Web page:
Taxing times for Labour: LEADING ARTICLE

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The Independent Online
A generation ago under Harold Wilson, devaluation was the great unmentionable for Labour. For Tony Blair, compulsory mouth-washing is ordered for anyone who mentions the "T" word, taxes. John Smith, so party lore has it, lost the 1992 election for Labour by promising increases in income tax and National Insurance. This time round the fiscal silence has been deafening. You have to listen very hard to hear any Labour tax talk. What is audible is moderate in the extreme. Most of the taxpaying population will sleep easy if Blair is voted into Number 10.

It seems, therefore, strange that KPMG should be telling its clients hair-raising tales of Tony's terrible tax take and telling them to decamp, or dispatch their funds, to foreign climes. KPMG is a reputable firm of accountants and consultants. It has prospered under the Tories and probably would do so under Labour. Either KPMG has had sight of deeply socialistic schemes unknown to the rest of us or it is engaging in scare tactics that leave it looking like Conservative Central Office's errand boy. This is an odd position for a company that recently published a damning calculation of the tax burden under the Tories.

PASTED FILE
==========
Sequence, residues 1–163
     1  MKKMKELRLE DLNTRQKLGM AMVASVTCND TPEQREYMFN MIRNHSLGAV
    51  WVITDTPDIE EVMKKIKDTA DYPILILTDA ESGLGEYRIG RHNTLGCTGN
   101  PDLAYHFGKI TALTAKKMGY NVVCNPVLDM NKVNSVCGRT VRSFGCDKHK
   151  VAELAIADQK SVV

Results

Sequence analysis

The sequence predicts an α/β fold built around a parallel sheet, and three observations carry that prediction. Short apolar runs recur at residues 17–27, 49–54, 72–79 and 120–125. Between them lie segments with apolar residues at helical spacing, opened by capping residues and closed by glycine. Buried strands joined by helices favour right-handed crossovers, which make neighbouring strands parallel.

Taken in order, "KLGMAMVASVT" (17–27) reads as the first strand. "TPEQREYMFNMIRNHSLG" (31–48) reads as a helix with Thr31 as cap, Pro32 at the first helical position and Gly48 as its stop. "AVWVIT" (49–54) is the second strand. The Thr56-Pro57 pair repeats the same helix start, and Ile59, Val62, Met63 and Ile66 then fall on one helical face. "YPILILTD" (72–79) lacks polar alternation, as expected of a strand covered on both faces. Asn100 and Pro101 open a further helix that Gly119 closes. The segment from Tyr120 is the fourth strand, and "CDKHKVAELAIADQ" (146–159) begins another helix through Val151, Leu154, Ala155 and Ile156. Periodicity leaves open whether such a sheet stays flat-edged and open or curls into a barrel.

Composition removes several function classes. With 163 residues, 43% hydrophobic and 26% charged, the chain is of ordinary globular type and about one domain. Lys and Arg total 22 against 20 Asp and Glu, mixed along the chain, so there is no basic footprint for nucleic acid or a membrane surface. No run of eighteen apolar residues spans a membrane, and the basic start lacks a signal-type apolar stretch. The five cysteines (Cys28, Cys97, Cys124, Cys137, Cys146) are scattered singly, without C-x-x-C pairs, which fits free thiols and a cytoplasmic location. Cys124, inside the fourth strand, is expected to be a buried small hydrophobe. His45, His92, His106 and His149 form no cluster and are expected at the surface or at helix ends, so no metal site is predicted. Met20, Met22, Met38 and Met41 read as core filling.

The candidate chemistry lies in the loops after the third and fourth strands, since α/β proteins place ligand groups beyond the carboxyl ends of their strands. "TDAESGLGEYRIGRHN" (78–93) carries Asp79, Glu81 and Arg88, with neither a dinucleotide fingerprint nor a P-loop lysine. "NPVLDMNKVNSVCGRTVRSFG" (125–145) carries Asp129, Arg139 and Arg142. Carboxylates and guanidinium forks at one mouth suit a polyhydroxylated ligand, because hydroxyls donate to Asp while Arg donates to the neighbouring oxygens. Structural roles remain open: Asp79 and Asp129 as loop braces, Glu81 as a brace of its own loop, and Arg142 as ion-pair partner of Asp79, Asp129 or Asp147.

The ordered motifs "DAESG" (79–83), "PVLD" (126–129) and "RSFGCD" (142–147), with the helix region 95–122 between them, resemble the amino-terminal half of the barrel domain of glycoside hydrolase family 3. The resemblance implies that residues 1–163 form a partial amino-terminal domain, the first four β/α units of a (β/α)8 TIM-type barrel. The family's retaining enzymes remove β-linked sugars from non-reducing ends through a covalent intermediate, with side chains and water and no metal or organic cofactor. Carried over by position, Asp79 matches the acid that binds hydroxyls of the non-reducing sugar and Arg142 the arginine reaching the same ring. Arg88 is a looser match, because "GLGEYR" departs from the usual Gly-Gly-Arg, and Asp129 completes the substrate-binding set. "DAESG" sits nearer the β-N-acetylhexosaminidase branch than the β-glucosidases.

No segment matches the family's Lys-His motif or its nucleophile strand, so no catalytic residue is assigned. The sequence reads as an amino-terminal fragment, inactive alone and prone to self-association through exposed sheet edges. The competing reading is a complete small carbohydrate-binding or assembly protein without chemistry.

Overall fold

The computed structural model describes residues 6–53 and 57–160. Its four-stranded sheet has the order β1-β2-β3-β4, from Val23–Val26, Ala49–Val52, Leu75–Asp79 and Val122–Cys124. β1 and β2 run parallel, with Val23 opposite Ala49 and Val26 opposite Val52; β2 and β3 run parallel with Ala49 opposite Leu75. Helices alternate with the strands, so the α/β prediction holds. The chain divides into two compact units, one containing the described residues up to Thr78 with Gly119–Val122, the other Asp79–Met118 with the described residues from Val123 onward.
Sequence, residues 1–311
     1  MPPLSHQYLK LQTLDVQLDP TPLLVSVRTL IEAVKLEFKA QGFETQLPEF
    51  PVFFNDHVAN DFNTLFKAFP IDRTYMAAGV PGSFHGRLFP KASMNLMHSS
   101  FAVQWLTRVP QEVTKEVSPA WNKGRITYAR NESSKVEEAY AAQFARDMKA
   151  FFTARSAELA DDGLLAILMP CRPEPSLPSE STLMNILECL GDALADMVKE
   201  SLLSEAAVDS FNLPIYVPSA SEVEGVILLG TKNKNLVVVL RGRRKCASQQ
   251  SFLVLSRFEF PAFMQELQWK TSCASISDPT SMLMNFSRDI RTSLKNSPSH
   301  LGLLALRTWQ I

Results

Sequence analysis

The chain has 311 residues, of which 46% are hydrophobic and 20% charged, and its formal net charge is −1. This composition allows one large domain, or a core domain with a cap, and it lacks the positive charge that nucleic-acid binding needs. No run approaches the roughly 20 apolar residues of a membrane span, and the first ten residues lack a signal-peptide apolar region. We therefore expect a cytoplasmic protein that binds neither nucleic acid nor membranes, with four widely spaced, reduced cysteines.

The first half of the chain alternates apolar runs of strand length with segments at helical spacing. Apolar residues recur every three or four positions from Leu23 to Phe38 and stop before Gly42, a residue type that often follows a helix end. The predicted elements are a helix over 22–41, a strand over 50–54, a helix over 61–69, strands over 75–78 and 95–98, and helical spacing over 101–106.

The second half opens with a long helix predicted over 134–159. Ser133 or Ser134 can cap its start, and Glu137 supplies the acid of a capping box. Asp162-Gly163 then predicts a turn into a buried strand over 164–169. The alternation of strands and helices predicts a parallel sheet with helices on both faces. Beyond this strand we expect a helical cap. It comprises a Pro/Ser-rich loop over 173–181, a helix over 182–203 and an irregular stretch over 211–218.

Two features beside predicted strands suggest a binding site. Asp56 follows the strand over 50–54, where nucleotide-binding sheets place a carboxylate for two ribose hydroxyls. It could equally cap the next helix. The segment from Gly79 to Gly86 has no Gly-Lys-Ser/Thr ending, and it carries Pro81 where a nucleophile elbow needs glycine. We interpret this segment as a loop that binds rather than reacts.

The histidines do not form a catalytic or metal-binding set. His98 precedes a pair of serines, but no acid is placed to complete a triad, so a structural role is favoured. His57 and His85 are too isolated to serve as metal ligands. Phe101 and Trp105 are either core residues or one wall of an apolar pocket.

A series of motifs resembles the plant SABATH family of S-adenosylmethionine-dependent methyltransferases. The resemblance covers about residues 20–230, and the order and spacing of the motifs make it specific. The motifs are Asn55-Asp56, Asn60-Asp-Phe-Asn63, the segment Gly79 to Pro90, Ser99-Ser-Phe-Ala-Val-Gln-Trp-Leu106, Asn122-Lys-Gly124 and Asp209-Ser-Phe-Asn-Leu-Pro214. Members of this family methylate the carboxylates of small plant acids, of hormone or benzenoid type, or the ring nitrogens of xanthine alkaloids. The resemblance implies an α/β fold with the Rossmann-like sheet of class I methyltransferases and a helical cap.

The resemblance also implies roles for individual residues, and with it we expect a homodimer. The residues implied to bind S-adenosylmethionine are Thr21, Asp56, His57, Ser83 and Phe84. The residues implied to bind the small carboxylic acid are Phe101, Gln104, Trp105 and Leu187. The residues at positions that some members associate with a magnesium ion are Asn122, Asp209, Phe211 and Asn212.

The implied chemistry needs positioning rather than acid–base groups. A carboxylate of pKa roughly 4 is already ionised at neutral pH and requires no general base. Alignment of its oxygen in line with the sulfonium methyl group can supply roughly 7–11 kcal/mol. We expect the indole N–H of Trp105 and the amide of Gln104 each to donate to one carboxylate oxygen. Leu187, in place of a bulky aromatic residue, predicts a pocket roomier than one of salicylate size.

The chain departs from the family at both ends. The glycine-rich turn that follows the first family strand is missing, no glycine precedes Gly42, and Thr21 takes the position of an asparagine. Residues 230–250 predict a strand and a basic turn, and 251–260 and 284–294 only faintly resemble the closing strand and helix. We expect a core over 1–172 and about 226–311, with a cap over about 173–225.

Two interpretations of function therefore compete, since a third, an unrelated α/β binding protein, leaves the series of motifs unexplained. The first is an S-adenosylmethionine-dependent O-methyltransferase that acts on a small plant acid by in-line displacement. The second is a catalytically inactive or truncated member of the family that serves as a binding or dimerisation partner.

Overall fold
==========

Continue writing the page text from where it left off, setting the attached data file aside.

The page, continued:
Anyone with assets or the prospect of a future income stream should plan. Planning includes anticipating taxes and may require shifting money between portfolios. But telling clients to plan for dramatic tax scenarios that bear no relation to Labour's stated policies is bad advice.

Gordon Brown has hung the credibility of a Blair government on spending restraint. The lack of spending commitments around the Shadow Cabinet makes several cherished Labour policies look distinctly threadbare. Under the guise of tax reform, certain rates would probably rise. There could be a new top rate of 50 per cent. Inheritance tax would probably weigh heavier. Labour's proposed windfall tax on the privatised utilities would hurt shareholders. But this is not revolution. Do such plans justify KPMG's exaggerated advice to taxpayers? No, Labour is now squarely in the fiscal mainstream.

KPMG's advice runs the risk of partisanship; it is also painfully limited. Where is the mention of what Labour's policies might do for business and investment, to stock market values, to the real economic context within which income is earned and savings fructify? It might be too much to expect that tax advisers should be telling their clients that, whoever wins the next election, vexing questions about skills and jobs and social division will have to be addressed. But surely even KPMG is obliged to remind its clients that there are such principles as fairness and proportionality. Their application does not justify a headlong flight by higher-rate taxpayers.

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